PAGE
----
Kelly Thomas’s father, Ron Thomas (a retired sheriff’s deputy) reports that his troubled son had been diagnosed with schizophrenia. Ramos suffered from a far deadlier psychosis – one that is highly contagious, as the actions of his comrades that evening demonstrate. 

What a hero: Ramos displays his "battle" injury.
Whatever its etiology, aggressive violence is a behavioral disorder. Law enforcement aggressively recruits people inclined toward such behavior and provides them with a license to express their violent impulses. When this results in a manifestly unnecessary and avoidable death, police unions and hireling “experts” like Karch will insist that the officers are blameless: It’s not that the police killed the victim, he just happened to die in their presence.

“He could have died sitting in a closet by himself,” Karch smugly asserted on the witness stand. Asked during cross-examination if he was saying that Thomas “was destined to die on that particular day and the police just happened to be there,” Karch left that question in the hands of Providence: “Only God can say that.” 

Karch affects the title “Doctor,” but in his work as a police apologist his philosophical tutor is not Hippocrates; it’s Raskolnikov, the nihilistic protagonist in Dostoyevsky’s Crime and Punishment. Convinced that he is a transcendent figure who is not beholden to the moral laws that govern the rest of humanity, Raskolnikov decides to murder a thoroughly unpleasant old woman in order to establish his status as a post-human “superman.” 

“I could kill that damned old woman and make off with her money,” Raskolnikov boasted to a policeman, who didn’t object. After all, the self-appointed uberman continued, a certain “percentage” of people are simply destined to die, and this greedy old wretch was overdue. Besides, killing her would be a socially redemptive act:

“On the one hand we have a stupid, senseless, worthless, spiteful, ailing, horrid old woman, not simply useless but doing actual mischief, who has not an idea what she is living for herself, and who will die in a day or two in any case…. On the other side, we have fresh young lives thrown away for want of help and by thousands, on every side. A hundred thousand good deeds could be done and helped, on that old woman’s money, which will be buried in a monastery…. Kill her, take her money and with the help of it devote one’s self to the service of humanity and the good of all. What do you think – would not one tiny crime be wiped out by thousands of good deeds?... One death, and a hundred lives in exchange – it’s simple arithmetic.”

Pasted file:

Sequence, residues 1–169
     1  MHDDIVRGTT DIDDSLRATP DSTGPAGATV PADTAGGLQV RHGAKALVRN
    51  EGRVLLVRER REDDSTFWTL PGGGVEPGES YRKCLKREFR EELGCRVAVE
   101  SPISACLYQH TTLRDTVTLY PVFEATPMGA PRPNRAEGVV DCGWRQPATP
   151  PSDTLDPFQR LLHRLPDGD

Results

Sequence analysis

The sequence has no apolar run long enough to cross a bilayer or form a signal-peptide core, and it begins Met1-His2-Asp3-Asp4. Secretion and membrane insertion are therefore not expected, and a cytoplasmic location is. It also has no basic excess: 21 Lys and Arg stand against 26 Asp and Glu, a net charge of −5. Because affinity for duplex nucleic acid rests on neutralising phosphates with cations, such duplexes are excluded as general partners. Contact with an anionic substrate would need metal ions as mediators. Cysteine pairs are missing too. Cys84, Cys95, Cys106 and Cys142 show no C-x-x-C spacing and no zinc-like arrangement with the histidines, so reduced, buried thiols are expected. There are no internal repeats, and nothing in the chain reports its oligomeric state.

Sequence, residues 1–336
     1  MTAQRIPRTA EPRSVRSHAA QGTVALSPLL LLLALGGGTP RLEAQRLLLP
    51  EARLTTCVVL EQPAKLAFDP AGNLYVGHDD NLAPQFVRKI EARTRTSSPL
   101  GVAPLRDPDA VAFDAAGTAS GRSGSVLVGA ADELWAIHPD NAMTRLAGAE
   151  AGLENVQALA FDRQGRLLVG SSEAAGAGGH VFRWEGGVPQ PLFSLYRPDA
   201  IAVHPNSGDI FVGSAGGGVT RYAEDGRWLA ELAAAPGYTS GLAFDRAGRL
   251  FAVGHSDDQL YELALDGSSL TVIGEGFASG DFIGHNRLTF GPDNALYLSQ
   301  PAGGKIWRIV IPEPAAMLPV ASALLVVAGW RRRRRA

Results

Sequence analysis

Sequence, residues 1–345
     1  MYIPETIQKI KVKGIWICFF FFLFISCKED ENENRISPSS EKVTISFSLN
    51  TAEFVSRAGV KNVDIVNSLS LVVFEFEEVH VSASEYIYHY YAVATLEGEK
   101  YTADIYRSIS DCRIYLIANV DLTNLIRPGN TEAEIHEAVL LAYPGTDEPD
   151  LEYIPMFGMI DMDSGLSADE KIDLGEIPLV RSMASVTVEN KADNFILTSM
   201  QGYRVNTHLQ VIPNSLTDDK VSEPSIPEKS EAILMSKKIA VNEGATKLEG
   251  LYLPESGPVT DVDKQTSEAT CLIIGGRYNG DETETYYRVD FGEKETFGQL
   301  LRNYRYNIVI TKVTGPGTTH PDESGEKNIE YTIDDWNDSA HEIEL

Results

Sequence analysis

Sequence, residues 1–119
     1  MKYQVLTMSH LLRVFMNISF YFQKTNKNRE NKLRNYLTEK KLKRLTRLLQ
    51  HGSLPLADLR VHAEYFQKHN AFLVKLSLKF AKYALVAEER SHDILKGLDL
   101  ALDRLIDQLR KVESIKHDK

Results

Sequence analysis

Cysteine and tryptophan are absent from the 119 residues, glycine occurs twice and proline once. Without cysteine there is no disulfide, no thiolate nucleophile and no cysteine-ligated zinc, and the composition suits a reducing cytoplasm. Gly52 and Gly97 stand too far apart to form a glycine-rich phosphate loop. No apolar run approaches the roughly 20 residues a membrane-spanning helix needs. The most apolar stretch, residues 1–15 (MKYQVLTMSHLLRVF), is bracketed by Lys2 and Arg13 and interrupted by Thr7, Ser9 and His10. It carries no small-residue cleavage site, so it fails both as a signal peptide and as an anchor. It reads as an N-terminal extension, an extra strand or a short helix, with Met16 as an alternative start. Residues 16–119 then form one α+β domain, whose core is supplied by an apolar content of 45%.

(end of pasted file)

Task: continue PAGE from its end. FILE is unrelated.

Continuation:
To the best of my knowledge, Steven Karch has no hands-on experience with lethal violence. He displays his perverse ingenuity by dispensing sophisms intended to persuade the credulous that the victim of police violence was simply going to die anyway – so the assailants are not to blame. In that role, Karch has not only served as an “expert witness” on behalf of killer cops, but also as a federally subsidized evangelist on behalf of the concept of “excited delirium,” a mysterious condition that seems to afflict only those who are gang-tackled, tased, and otherwise abused by police. 

Such unfortunate souls are merely part of the sacrificial “percentage” necessary in order to preserve social order, Karch and his ilk insist, in the serene confidence that neither they nor anyone they love will be found in that category. 


Dum spiro, pugno!


Unknown said...

As beautifully and compellingly stated as always.

kirk said...

this story of a schizophrenic young man, by definition out of touch with reality and not responsible, beaten to death by cops as he calls out for his father, makes me sad beyond what i can describe in words.

the rage it evokes is beyond being capable of description by words, as well.

that reflected power will not last forever.

Bevin Chu said...

Thank god ordinary citizens have the Thin Blue Line to protect us from primitive savages who would bludgeon us to death on the flimsiest of pretexts. Right?

Anonymous said...

Perhaps Fullerton's finest six were under the spell of Murray N. Rothbard's "Right-Wing Populism". MNR wrote,

"4. Take Back the Streets: Crush Criminals. And by this I mean, of course, not 'white collar criminals' or 'inside traders' but violent street criminals – robbers, muggers, rapists, murderers. Cops MUST BE UNLEASHED, and allowed to administer instant punishment, subject of course to liability when they are in error.